Cybermedlife - Therapeutic Actions Biodynamic Farming

Molecular properties of a fermented manure preparation used as field spray in biodynamic agriculture.

Abstract Title: Molecular properties of a fermented manure preparation used as field spray in biodynamic agriculture. Abstract Source: Environ Sci Pollut Res Int. 2012 Nov ;19(9):4214-25. Epub 2012 Jun 17. PMID: 22707205 Abstract Author(s): R Spaccini, P Mazzei, A Squartini, M Giannattasio, A Piccolo Article Affiliation: Dipartimento di Scienze del Suolo, della Pianta, dell'Ambiente e delle Produzioni Animali (DiSSPAPA), Università di Napoli Federico II, Via Università 100, 80055, Portici, Italy. This email address is being protected from spambots. You need JavaScript enabled to view it. Abstract: Manure products fermented underground in cow horns and commonly used as field spray (preparation 500) in the biodynamic farming system, were characterized for molecular composition by solid-state nuclear magnetic resonance [(13) C cross-polarization magic-angle-spinning NMR ((13) C-CPMAS-NMR)] spectroscopy and offline tetramethylammonium hydroxide thermochemolysis gas chromatography-mass spectrometry. Both thermochemolysis and NMR spectroscopy revealed a complex molecular structure, with lignin aromatic derivatives, polysaccharides, and alkyl compounds as the predominant components. CPMAS-NMR spectra of biodynamic preparations showed a carbon distribution with an overall low hydrophobic character and significant contribution of lignocellulosic derivatives. The results of thermochemolysis confirmed the characteristic highlighted by NMR spectroscopy, revealing a molecular composition based on alkyl components of plant and microbial origin and the stable incorporation of lignin derivatives. The presence of biolabile components and of undecomposed lignin compounds in the preparation 500 should be accounted to its particularly slow maturation process, as compared to common composting procedures. Our results provide, for the first time, a scientific characterization of an essential product in biodynamic agriculture, and show that biodynamic products appear to be enriched of biolabile components and, therefore, potentially conducive to plant growth stimulation. Article Published Date : Oct 31, 2012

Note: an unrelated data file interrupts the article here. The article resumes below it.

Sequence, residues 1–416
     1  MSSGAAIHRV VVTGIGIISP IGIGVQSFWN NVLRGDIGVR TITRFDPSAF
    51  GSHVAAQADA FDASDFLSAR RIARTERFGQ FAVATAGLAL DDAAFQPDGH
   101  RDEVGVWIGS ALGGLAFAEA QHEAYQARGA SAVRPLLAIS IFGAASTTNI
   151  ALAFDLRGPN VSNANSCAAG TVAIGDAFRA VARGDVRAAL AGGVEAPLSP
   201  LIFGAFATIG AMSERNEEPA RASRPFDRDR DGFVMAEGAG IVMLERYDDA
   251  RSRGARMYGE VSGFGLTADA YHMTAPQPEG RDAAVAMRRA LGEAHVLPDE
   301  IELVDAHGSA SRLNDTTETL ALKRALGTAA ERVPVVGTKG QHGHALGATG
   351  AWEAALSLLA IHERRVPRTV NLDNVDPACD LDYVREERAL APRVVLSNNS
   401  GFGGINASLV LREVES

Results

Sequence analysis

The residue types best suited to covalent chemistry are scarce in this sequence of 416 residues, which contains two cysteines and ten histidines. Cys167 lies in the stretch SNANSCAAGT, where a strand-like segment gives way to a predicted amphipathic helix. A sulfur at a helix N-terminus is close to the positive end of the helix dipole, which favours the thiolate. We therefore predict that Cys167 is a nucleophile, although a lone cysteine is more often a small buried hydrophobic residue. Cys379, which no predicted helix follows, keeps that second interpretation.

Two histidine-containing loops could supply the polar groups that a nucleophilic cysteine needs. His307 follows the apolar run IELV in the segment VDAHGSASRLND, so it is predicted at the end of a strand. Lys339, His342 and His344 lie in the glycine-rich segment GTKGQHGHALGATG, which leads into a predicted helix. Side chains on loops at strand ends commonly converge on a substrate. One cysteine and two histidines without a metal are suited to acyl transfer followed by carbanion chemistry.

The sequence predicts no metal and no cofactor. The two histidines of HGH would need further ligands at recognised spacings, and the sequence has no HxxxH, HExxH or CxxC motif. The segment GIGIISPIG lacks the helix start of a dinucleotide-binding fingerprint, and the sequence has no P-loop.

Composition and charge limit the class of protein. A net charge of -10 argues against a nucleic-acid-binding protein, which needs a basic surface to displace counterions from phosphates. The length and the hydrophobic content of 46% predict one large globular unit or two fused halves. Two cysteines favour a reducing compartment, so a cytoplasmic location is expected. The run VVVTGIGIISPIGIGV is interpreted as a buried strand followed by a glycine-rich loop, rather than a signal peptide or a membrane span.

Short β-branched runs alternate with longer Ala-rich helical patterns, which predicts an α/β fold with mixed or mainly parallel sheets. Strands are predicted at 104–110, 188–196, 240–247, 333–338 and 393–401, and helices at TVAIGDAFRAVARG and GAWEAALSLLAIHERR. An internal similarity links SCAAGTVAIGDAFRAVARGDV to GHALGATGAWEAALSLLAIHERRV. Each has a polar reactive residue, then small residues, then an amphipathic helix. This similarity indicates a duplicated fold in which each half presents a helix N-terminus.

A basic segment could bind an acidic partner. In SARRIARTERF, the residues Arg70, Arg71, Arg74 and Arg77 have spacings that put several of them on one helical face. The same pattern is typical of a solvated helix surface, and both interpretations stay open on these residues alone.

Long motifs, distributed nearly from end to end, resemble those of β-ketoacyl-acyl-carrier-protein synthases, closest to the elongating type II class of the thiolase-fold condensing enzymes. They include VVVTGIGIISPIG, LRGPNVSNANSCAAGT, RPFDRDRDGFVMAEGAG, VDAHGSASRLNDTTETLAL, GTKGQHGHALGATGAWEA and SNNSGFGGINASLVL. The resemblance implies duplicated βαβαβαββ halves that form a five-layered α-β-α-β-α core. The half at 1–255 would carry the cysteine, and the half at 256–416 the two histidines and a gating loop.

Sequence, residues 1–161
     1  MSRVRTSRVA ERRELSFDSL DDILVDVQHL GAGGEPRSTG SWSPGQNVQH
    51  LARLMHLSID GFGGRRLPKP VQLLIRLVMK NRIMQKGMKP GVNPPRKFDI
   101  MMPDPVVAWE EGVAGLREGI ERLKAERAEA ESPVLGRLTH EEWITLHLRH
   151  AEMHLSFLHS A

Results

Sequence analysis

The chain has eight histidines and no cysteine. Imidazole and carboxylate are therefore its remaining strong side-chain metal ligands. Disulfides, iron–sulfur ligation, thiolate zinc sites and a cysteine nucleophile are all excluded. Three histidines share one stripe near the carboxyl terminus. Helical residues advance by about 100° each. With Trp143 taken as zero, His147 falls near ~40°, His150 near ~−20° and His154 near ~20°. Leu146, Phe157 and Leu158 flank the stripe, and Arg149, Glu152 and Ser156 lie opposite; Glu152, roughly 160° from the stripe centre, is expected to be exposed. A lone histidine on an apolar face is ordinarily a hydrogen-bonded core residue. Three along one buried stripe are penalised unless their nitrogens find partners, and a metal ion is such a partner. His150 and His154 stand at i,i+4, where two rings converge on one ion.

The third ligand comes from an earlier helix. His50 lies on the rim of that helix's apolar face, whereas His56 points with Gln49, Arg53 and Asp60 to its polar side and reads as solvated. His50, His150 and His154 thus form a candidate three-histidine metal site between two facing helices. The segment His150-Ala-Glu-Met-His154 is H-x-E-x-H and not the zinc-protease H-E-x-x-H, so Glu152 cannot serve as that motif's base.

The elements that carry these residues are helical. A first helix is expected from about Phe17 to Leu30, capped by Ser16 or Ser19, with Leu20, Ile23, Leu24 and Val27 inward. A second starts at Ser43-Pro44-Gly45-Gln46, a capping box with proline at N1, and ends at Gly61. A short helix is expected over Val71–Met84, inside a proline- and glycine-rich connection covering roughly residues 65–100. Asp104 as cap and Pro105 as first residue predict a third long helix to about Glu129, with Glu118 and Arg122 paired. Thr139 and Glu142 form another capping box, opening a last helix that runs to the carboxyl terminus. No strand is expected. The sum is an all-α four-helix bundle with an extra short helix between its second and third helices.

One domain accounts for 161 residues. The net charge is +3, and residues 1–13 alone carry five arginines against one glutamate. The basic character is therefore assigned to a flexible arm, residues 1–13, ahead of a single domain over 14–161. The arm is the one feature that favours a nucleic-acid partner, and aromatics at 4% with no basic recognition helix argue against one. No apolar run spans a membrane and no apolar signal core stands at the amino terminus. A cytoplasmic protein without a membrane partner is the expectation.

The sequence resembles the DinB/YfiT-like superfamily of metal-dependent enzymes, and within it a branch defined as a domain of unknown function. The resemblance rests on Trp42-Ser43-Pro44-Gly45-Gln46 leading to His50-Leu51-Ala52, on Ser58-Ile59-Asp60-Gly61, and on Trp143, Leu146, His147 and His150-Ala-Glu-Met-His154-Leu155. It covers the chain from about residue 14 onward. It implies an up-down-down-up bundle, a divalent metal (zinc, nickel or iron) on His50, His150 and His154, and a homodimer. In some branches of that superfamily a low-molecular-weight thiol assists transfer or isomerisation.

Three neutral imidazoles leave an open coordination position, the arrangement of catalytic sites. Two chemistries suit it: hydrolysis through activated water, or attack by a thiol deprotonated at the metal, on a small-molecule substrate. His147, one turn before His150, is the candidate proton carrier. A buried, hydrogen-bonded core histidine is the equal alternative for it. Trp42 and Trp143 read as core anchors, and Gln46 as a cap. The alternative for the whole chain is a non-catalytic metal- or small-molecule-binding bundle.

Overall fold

Therapeutic Actions Biodynamic Farming

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Effects of different management regimes on microbial biodiversity in vineyard soils.

Related Articles Effects of different management regimes on microbial biodiversity in vineyard soils. Sci Rep. 2018 Jun 20;8(1):9393 Authors: Hendgen M, Hoppe B, Döring J, Friedel M, Kauer R, Frisch M, Dahl A, Kellner H Abstract An active and diverse soil biota is important for maintaining crop productivity and quality, and preservation of these traits is a major goal of sustainable farming. This study aimed at unravelling the impact of different management practices on soil fungal and bacterial biodiversity in vineyards as a model for permanent crops. Species diversity was assessed using an amplicon sequencing approach in a long-term field experiment in the Rheingau wine region of Germany where integrated, organic and biodynamic management practices had been in place for 10 years. Fungal community composition under integrated management differed significantly from organic and biodynamic management, whereas fungal species richness remained unaffected. Soil under integrated management had a significantly reduced bacterial species richness compared to organic, but community composition was similar to organically and biodynamically managed soils. Highest fungal richness was obtained under cover crop between rows in topsoil, arising from cover cropping and organic carbon supply. PMID: 29925862 [PubMed - in process]